The Cracks Of Winter

The act of writing this blog is painful....not because of the material but the actual ACT of writing is painful as the pads on the second and third fingers on my left hand (and yes, I am left handed) have split open in this cold, dry weather.

Each day as I practice I can feel the rhythmic pulse of my heart beat in each of those fingers. Sometimes they even bleed while I am demonstrating something for one of my students.That has its advantages as I appear extremely sacrificial to my instrument with blood running down my fingers: if only they practiced a little more, they too could bleed.

It then stands to reason that our living, breathing wood instruments would be reacting to the lack of humidity as well. We are repairing weather cracks left and right in the shop. There is something facinating to me about my cello shrinking and swelling in response to its surroundings. Something that shows it is, indeed, a living thing. I knew it all along but this just proves it.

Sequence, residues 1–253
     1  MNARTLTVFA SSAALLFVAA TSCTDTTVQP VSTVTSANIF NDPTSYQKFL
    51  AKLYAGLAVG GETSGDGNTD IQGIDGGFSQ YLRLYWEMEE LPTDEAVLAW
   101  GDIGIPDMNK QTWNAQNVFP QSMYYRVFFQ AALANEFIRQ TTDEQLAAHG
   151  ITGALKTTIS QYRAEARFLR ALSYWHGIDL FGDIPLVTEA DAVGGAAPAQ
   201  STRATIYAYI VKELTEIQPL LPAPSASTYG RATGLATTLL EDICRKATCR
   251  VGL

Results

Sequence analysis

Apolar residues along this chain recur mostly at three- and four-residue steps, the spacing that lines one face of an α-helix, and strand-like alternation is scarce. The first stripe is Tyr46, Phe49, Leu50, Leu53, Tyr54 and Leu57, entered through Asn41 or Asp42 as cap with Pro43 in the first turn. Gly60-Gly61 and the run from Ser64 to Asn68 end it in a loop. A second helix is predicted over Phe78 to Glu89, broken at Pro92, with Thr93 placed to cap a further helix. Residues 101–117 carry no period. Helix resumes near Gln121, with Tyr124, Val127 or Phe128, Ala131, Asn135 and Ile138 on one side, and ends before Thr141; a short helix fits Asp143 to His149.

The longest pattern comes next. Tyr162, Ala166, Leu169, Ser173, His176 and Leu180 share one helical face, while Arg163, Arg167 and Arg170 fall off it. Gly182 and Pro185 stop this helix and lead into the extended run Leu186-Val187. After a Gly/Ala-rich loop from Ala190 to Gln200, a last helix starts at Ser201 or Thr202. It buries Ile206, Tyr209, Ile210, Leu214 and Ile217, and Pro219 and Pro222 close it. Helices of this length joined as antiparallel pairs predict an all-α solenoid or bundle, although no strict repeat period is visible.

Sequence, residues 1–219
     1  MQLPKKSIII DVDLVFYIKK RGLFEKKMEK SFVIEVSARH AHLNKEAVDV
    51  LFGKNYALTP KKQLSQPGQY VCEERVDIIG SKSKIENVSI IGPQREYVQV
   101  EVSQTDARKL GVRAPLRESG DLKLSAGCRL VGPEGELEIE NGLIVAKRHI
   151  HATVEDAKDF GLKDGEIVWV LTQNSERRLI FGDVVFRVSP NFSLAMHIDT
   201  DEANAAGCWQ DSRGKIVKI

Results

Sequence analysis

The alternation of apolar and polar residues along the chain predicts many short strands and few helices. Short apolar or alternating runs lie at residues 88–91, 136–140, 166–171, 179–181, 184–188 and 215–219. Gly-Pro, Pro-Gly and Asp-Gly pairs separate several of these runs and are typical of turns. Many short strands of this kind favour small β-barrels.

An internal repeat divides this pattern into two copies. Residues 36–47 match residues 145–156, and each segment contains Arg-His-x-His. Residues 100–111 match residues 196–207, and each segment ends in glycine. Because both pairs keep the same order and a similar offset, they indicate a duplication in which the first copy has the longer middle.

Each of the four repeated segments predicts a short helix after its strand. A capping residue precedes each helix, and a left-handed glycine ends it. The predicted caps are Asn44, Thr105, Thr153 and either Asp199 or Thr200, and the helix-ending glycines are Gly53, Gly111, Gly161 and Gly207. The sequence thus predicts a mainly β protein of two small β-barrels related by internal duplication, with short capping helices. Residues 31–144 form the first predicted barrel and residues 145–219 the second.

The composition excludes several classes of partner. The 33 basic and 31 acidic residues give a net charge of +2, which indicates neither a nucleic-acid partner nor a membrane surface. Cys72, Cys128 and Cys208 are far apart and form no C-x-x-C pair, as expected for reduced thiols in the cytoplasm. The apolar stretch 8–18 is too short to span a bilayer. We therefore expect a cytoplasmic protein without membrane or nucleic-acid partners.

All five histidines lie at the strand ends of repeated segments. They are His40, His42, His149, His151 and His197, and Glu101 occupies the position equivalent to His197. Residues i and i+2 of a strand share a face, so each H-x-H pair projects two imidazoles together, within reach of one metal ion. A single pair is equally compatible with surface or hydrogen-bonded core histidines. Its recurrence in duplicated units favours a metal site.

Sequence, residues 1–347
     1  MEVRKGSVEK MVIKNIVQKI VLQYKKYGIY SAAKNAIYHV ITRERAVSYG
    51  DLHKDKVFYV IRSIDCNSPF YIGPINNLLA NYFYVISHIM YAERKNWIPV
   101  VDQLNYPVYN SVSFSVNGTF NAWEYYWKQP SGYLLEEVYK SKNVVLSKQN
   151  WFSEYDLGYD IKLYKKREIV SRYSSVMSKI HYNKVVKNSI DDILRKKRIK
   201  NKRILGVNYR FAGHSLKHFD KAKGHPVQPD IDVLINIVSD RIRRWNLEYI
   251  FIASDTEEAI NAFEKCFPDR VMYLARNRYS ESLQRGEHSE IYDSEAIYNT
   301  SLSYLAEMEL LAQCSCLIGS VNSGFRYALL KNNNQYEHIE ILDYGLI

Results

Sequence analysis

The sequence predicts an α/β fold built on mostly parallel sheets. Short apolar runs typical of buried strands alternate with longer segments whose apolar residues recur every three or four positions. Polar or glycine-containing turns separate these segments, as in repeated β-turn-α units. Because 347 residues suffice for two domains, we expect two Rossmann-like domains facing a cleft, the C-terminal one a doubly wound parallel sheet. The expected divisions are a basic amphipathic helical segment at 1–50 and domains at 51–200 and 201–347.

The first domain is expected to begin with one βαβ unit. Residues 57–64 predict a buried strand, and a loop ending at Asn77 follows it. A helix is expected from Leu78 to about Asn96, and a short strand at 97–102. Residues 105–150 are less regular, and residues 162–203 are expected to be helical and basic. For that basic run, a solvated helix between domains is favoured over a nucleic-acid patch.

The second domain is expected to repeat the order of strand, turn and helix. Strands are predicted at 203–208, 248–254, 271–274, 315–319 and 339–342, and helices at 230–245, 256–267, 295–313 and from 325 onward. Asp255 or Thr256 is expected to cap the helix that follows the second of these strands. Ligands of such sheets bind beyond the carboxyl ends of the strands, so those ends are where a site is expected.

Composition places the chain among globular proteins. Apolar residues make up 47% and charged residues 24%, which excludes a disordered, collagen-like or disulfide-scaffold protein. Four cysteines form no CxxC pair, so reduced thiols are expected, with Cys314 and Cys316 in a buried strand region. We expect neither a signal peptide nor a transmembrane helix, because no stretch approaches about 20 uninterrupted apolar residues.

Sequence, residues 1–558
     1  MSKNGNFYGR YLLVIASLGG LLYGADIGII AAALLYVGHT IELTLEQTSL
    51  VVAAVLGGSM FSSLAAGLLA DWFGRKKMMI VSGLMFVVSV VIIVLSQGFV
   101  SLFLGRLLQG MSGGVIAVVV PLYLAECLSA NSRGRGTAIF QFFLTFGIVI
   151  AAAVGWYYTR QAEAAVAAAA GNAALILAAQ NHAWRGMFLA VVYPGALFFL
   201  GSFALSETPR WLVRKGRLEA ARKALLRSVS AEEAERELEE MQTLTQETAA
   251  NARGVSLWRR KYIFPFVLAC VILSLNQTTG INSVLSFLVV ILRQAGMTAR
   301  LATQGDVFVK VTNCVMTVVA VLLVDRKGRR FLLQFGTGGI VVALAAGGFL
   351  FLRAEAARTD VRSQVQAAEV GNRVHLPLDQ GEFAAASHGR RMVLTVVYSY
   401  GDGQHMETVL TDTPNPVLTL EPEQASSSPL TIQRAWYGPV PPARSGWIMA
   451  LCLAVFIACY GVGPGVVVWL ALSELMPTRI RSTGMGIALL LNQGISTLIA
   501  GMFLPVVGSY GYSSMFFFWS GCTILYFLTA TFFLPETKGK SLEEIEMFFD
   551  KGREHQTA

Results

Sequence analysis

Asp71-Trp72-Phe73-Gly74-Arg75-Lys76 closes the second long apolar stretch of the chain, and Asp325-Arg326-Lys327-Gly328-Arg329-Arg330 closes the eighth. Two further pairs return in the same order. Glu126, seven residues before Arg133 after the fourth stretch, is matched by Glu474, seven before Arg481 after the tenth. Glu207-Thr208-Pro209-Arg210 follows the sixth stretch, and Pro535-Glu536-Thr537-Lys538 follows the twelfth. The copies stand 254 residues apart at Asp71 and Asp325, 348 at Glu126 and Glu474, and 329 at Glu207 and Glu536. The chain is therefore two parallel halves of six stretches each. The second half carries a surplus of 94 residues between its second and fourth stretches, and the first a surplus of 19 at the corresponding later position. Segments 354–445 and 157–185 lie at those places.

We are lugging water jugs back and forth to our shop and to the music room in our house. Twice daily we fill the humidifiers. Each time we pass by our instruments I imagine them sighing in relief to see more water being added to the air.

I know that this will pass, it always does. But, as with the extreme winter weather, there is something special in the effort to keep things going. Lugging water jugs to and fro makes me feel a bit pioneer-ish and that without me, where would my instrument be?